He wanted to tell his mother he loved her – and hopefully hear it back
Saying goodbye to a loved one is always difficult. Not being able to say goodbye at all is heartbreaking.
For Barry Steinert, facilities manager at Aurora Medical Center Grafton, seeing his close friend go through this in late 2020 was excruciating.
His friend, Chad, lost his father to COVID-19 on November 27. Chad’s dad lived in Indiana, and due to visitor restrictions and his dad’s rapid decline, Chad was not able to see his dad before he passed.
All this occurred while Chad’s mom living in Grafton also tested positive for COVID-19. She was soon admitted to Aurora Grafton’s COVID ICU.
Just five days after his dad died, Chad’s mom took a turn for the worse. Chad wanted to visit his mother in the hospital before going to Indiana for his dad’s funeral.
“The thought of losing both parents in under a week is heartbreaking. But not being able to say goodbye to both of them is unimaginable,” said Steinert.
So Steinert asked around. He connected with Kristin Hromada (photo, right), COVID unit supervisor, and Nancy Kellet, infection prevention nurse.
‘What can we do to make this happen’, he thought.
Following Advocate Aurora’s COVID-19 safety protocols and visitation policy for end-of-life situations, Chad was able to see his mom the next day.
As Chad prepared to go into his mom’s room, he knew that this was likely the last time that he would see her alive. He was shaking so hard that Hromada helped him put on his PPE and mask before entering the room. Fellow team members Meghan Lemke and Jonathan Haririe (photo, back center) also helped facilitate the meeting.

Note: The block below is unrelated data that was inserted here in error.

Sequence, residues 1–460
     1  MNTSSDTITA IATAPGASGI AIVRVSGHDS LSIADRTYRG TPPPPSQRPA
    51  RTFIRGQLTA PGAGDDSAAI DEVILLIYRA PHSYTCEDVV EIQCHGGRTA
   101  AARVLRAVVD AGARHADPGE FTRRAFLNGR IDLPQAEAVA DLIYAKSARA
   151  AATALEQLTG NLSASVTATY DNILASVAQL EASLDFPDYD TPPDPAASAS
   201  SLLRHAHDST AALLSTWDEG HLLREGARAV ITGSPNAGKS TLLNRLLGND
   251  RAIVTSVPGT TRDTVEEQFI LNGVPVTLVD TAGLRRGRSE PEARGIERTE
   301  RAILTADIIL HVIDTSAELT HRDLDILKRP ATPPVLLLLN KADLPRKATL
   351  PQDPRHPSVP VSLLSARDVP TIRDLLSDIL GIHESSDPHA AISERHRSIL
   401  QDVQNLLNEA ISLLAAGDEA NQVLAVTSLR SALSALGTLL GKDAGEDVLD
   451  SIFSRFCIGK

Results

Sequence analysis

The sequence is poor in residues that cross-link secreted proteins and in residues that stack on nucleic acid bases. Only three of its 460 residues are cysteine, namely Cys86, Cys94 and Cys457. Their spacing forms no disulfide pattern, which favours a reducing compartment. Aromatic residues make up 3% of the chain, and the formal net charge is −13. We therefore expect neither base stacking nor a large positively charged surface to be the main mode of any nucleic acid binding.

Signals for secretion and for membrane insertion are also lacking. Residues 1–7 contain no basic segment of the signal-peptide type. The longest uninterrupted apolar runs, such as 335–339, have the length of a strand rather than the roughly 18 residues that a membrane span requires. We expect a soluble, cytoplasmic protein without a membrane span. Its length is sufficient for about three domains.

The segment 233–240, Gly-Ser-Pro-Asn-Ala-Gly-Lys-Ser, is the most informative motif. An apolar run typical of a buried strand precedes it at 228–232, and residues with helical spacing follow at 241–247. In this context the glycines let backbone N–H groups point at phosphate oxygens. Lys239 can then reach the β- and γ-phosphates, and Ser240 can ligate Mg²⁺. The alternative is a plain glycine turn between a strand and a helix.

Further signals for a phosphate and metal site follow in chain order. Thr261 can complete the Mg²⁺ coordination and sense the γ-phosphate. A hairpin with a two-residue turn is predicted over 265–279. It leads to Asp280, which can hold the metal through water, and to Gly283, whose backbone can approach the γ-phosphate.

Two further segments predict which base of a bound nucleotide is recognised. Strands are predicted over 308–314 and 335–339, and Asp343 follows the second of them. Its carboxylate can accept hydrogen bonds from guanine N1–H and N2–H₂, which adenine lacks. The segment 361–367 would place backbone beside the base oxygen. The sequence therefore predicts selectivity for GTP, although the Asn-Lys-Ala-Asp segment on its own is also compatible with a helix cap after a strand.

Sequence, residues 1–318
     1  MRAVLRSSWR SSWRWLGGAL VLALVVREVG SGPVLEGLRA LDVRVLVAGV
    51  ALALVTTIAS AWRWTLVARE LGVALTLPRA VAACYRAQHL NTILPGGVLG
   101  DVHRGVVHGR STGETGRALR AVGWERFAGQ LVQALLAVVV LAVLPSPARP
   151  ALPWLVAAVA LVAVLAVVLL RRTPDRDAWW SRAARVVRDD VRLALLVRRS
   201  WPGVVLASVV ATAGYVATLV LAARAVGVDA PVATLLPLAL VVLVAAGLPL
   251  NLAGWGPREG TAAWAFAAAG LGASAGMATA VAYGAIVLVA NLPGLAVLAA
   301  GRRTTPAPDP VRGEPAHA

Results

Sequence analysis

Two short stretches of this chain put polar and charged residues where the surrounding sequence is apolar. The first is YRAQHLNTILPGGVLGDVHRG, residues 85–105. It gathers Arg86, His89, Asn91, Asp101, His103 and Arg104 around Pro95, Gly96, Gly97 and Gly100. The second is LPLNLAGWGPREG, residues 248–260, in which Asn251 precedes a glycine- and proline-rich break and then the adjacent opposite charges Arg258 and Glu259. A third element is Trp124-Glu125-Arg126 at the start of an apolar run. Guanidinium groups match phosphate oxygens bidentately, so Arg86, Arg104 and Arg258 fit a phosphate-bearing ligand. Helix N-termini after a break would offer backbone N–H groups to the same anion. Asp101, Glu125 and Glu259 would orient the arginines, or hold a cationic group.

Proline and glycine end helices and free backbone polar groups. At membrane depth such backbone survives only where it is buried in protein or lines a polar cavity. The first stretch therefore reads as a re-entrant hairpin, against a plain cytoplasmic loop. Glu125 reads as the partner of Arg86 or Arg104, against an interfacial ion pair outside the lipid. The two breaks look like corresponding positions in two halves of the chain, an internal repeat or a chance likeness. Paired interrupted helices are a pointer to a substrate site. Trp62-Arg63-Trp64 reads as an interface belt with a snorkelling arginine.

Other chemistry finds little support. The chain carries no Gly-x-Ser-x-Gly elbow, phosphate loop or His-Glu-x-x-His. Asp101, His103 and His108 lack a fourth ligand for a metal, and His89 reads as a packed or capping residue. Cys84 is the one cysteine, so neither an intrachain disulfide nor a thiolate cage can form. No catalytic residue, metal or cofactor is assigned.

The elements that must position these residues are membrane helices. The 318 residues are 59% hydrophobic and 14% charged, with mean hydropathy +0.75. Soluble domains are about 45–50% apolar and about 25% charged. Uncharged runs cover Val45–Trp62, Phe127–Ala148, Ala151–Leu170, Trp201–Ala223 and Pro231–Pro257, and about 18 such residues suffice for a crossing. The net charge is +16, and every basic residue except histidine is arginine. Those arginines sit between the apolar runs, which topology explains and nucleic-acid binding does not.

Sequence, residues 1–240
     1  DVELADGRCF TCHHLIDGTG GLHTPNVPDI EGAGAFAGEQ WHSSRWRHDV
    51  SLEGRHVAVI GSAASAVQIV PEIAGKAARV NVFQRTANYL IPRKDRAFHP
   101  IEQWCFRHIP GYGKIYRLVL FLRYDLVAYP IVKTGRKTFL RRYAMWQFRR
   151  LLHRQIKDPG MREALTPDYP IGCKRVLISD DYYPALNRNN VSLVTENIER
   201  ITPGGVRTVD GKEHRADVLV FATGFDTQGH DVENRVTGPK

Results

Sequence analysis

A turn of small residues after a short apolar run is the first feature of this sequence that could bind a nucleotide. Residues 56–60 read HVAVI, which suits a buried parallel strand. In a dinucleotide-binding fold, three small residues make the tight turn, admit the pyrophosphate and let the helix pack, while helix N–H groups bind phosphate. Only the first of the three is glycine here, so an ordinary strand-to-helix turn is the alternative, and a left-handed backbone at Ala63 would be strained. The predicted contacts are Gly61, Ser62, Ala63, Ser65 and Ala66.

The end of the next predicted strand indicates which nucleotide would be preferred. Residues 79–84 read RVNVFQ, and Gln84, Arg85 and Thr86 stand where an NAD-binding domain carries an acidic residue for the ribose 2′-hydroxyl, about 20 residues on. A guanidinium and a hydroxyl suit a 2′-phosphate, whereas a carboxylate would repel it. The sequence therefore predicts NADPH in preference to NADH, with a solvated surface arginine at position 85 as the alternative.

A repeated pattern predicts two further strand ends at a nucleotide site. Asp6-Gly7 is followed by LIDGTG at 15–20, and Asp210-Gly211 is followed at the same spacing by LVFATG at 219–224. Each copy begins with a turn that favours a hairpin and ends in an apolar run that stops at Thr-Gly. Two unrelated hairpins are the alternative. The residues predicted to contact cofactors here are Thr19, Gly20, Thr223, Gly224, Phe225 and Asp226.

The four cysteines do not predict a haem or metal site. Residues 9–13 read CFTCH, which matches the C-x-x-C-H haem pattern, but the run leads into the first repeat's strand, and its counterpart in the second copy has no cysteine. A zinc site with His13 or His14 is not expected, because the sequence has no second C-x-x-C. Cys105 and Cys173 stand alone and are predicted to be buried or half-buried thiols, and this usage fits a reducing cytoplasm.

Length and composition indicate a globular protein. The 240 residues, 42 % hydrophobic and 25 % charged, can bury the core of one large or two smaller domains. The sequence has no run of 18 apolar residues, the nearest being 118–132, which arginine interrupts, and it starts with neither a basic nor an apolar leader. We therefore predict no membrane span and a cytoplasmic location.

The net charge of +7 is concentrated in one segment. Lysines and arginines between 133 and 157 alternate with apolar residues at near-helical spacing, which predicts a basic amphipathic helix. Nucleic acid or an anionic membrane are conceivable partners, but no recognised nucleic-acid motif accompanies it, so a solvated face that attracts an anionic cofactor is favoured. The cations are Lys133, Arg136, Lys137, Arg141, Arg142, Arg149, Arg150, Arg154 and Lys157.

“Seeing him in this situation really took myself and our team back,” said Hromada. “COVID has changed our world a lot, but it’s still those little things that make a big difference.”
After a short visit, Chad left his mom, disposed of the PPE, texted Steinert, and the two talked and walked back to Chad’s car. He thanked the entire nursing team for their care and consideration. He also shared with Barry what it meant to be able to say goodbye.
“The one thing he wanted was to tell his mother he loved her and hopefully hear it back. He was able to do that,” said Steinert.
The next day, December 4, Chad’s mom passed away.
The pandemic has touched everybody, and to some, it has brought tremendous loss and sorrow. But in the darkness, there is also an inspirational light that brings families, friends and team members together for special memories that will last a lifetime.
“This meant the world to Chad,” said Steiner. “Our team made sure it happened.”
About the Author
Matt Queen, health enews contributor, is a communication coordinator at Aurora Health Care in Milwaukee. He is a former TV sports anchor and journalist with extensive public relations experience across the health care spectrum. Outside of work, Matt enjoys watching sports (of course), cooking, gardening, golfing and spending time with his wife and two young children.